Love it or hate it: Antarctica gets under chef s skin
The air is so fresh and crisp there. There s no experience quite like it.
|Lee Sang-hoon did two stints as designated chef at King Sejong Station. Provided by Lee Sang-hoon|
You have to wonder what the people working at King Sejong Station, a research base for the Korea Antarctic Research Program, eat every day. After all, it s 17 guys stationed in freezing weather all year round with no restaurants to speak of in the vicinity. And they re there to conduct research, not worry about what to eat for lunch.
Leave it to the designated chef to take care of that. He works for about a year and prepares three meals a day for the researchers, so that the scientists won t have to subsist on instant noodles and packaged kimchi.
Lee Sang-hoon, a 39-year-old chef, recently returned from his second tour of duty at King Sejong Station.
He said the joy of eating means a great deal to the researchers who otherwise have little diversion at the station.
We ate at 7 a.m., noon and 6 p.m., and no one ever missed a meal, Lee said at his current workplace, a Japanese restaurant in Busan. Guys would walk through blizzards to make it to the meal on time.
Lee first worked at the station in 2005 and returned two years later. Before his first stint, he ran a restaurant with eight cooks and 250 seats.
How he ended up in the Antarctic is pure coincidence.
|A base for the Korea Antarctic Research Program. [JoongAng Ilbo]|
I had a cut on my hand in December 2004 and went to see Dr. Shin Jin-ho, one of our regulars at the time, Lee recalled. I found out he had been a physician at King Sejong Station. I asked him what it was and Shin started going off on all the great things about working in Antarctica.
Lee said Shin helped him prepare his application for the chef position. In May 2005, Lee got the job.
Though the Antarctic chef begins his stay in December, the real work starts in May. He has to prepare enough food to make it through a full year. Aside from 17 researchers, there are up to 40 visitors from December to February.
It s difficult to get new foodstuffs once we re at the station, Lee said. And we can t use the same ingredients every year. Chefs have different specialties and people stationed there all have different preferences.
But there is one constant: samgyeopsal (thin slices of pork belly) along with kimchi and soju. The high-calorie pork and the liquor keep the researchers warm and, because they re the symbol of a working man s dinner in Korea, warm at heart.
Lee said although he prepared foodstuffs literally in tons, it wasn t so difficult to store.
Antarctica is the biggest refrigerator in the world, Lee said with a smile.
So how does Lee handle the massive amounts of food? He said the station s medic works as an assistant in the kitchen since researchers are relatively healthy and leave the resident doctor with little work.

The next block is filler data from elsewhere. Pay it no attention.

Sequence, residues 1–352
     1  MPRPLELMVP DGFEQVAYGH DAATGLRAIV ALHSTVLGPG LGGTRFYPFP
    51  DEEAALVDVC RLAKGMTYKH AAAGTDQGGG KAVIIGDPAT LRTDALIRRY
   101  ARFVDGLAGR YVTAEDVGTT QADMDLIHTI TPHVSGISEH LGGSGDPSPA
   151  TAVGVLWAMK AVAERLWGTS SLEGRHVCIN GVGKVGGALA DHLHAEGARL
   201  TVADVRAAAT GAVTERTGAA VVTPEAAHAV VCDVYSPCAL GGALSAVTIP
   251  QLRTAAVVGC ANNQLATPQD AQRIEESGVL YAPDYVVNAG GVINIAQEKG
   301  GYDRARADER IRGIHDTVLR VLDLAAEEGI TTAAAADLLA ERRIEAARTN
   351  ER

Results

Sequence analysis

Lee said his biggest concern was not how to use all the items, but how to provide the most pleasant dining experience for his troops. He threw birthday parties and hosted occasional barbecues. Lee said he still gets calls from the men about his cooking.
They say, I miss your cooking, Lee said. Some guys say they get into arguments with their wives over what s on the dinner table.
A popular specialty in the Antarctic was patbingsu, a popular Korean dessert of ice shavings topped with sweetened red beans, fruit, small pieces of rice cake and jelly bits. Lee said he used icebergs to get ice shavings. Some researchers would take out the red beans, spread them on the fresh snow outside their base and eat with their hands because the snow in Antarctica was so pure. Lee also used his experience in Japanese cooking to prepare sushi, using fish caught for research purposes.
About four times a year, researchers catch assorted fish to check for any metal pollution in them. But they only examined the fish intestines, leaving Lee to prepare sushi with the rest.
Sushi from those Antarctic fish is outstanding, Lee gushed. Perhaps it s due to the cold water, but the fish is really chewy. I d never tasted anything quite like it.
Last November, United Nations Secretary General Ban Ki-moon paid a visit, and Lee served him sushi. Lee recalled, Mr. Ban loved it. He even signed my chef hat.
Lee said he would enjoy working there for another year. Chefs aren t allowed to work for two consecutive years, meaning the earliest he can have another crack at the job is in 2009. In his first stint, it took Lee 10 days just to get to the base. He had problems adjusting to the new and unfamiliar surroundings.
He also missed his two sons, Geon-hyuk, 7, and Geon-han, 5. But as soon as he came home, Lee applied for his second tour of duty.
For now, he is busy learning types of cuisine so he will be able to serve up a wider variety of food if he gets another call to the chilly outpost.
The air is so fresh and crisp there, Lee said. I once skied there. And to see the beautiful icebergs and all, there s no experience quite like it.
He said those who have been to Antarctica often fall into two categories: Those who swear they will never return and others who dream of the day they go back.
Lee belongs to the latter he s one chef who has been bitten by the Antarctic bug.
By Koo Hee-ryung JoongAng Ilbo [firstname.lastname@example.org]